John Paolo Rivera, associate director of the Dr Andrew L. Tan Center for Tourism at the Asian Institute of Management in Manila, the Philippine capital, said lockdowns are meant to keep people at home to reduce the risk of contracting the coronavirus, but this has not diminished their desire to travel. For many, it has heightened such ambitions, albeit with a greater awareness of health.

As many people have been cooped up for a long time at home, they are keen to travel, but they will prefer “products that are low-risk and where physical distancing can be practiced”, Rivera said.

He added that the “new normal” will be cruises that focus on small groups and visits to remote destinations, as this will ensure social distancing and reduce the risk of contracting and spreading the virus.

Before the pandemic emerged, cruise tourism was the travel industry’s fastest-growing sector.

Tax, audit and advisory company KPMG reports that demand for cruises has risen in recent years. In 2017, some 26.7 million people went on a cruise. The number rose to 28.5 million in 2018 and had been expected to reach 32 million this year.

A CLIA-commissioned survey also found that cruise travelers tend to be repeat customers, with 82 percent likely to book a cruise again for their next vacation.

However, the pandemic has slowed the industry’s growth trajectory. For Genting Hong Kong, one of Asia’s biggest cruise operators, the suspension of sailings has resulted in financial problems, with the company announcing on Aug 19 it would temporarily suspend payment to creditors and seek to restructure its debts.

Passengers wear face coverings to help prevent the spread of COVID-19 aboard the Katahdin steamer as the ship returns from a cruise on Aug 15, in the US town of Greenville, Maine. (ROBERT F. BUKATY / AP)

In addition to border shutdowns that have discouraged leisure travel, the cruise industry has faced a barrage of bad publicity.

Extensive coverage of passengers being quarantined on ships such as Carnival Corp’s Diamond Princess and Genting Hong Kong’s World Dream has raised concerns over safety.

Hundreds of Australian passengers stranded on the Ruby Princess sued Carnival Corp. In a class-action lawsuit filed in Australia’s Federal Court in July. The 800 passengers alleged the cruise company and its subsidiaries engaged in “misleading and deceptive” conduct after the COVID-19 outbreak on the ship.

Monique Giese, KPMG’s global head of shipping, said in a report on July 23: “The current COVID-19 environment has created a high degree of concern among the public surrounding the maintenance of health and safety on board cruise ships.”

Giese said the pandemic has increased the need for robust screening and monitoring protocols, comprehensive sanitation practices, and more health facilities and medical staff members on cruise vessels.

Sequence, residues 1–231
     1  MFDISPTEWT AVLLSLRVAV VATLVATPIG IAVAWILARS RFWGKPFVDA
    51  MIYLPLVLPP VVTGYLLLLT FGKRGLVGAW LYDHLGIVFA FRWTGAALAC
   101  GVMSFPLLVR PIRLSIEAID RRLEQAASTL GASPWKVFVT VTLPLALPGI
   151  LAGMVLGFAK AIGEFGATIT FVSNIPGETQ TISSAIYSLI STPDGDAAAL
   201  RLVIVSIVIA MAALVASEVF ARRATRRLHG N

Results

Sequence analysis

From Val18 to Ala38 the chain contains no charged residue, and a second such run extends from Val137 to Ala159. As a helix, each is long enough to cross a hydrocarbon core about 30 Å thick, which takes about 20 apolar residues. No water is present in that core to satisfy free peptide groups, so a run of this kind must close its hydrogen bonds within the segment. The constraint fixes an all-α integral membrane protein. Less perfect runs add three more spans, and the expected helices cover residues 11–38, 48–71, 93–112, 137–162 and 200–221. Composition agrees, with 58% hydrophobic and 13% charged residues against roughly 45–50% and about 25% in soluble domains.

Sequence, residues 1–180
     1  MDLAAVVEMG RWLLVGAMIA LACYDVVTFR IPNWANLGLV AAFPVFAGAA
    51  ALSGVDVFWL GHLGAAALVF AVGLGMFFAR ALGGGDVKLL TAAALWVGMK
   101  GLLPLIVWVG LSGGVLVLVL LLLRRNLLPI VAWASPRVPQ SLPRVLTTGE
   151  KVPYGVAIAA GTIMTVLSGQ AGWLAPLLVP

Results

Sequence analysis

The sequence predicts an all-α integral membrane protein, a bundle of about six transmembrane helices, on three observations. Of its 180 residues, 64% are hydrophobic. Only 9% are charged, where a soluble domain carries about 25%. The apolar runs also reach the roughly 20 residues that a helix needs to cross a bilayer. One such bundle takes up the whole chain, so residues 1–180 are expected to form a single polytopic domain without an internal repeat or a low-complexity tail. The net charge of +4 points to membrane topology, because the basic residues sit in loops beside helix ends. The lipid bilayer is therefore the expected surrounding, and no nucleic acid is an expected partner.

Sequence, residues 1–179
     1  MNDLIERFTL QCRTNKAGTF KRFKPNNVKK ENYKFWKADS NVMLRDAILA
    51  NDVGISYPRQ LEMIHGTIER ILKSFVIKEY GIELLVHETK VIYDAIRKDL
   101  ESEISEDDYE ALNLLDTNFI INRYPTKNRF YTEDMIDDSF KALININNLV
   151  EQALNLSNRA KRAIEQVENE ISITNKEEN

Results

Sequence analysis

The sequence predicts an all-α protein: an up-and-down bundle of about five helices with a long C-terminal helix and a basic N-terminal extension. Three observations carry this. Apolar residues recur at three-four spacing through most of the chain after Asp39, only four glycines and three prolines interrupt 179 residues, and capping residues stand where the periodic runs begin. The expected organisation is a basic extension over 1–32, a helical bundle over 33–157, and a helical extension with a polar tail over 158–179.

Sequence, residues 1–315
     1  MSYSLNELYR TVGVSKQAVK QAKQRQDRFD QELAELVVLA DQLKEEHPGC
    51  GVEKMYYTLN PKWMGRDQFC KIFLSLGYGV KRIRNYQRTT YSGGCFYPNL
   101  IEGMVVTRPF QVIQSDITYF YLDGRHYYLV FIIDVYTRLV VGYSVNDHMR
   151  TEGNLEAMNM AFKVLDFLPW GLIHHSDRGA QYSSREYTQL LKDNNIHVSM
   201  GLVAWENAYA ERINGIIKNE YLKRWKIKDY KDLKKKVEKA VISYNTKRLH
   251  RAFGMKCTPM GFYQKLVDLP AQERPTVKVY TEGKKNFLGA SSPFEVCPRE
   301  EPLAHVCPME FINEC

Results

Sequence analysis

Katz, from CLIA, said cruise operators are working with medical experts and health authorities to develop extensive measures “that will ideally involve a door-to-door approach that begins at the time of booking and continues through the cruise journey and until the passenger returns home”.

He said health and safety protocols being developed globally will be combined by CLIA and adopted by all its members.

Katz said the coronavirus can spread anywhere people gather to socialize, such as on cruise ships and in restaurants and hotels, but he stressed that cruise vessels are “neither the source nor the cause of COVID-19”.

No other sector or industry outside the cruise business has such stringent reporting requirements coupled with the presence on board of qualified doctors and nurses to provide medical surveillance, he said.

Ingrid Leung, managing director of Hong Kong-based travel agency Incruising Travel Asia said reports of people being stranded on cruise ships might deter potential customers, but she is confident this will not be an issue for more experienced consumers.

“Once you have been on a ship, you know how clean they are … there are always staff wiping every area,” Leung said.

She added that cruise vessels were not designed for quarantine, and the types of outbreaks that happen on them can also occur in any enclosed spaces such as hotels or convention centers.

Leung, who has been selling cruise packages since 2008, said this has been the worst year for her business, but this is mainly the result of travel restrictions — not because her customers have lost interest in cruises.

In the meantime, she is offering tours around Hong Kong on board private yachts, giving clients a chance to take weekend breaks.

“It’s just a matter of time. Many of our clients are looking forward to being on board again,” she said.

prime@chinadailyapac.com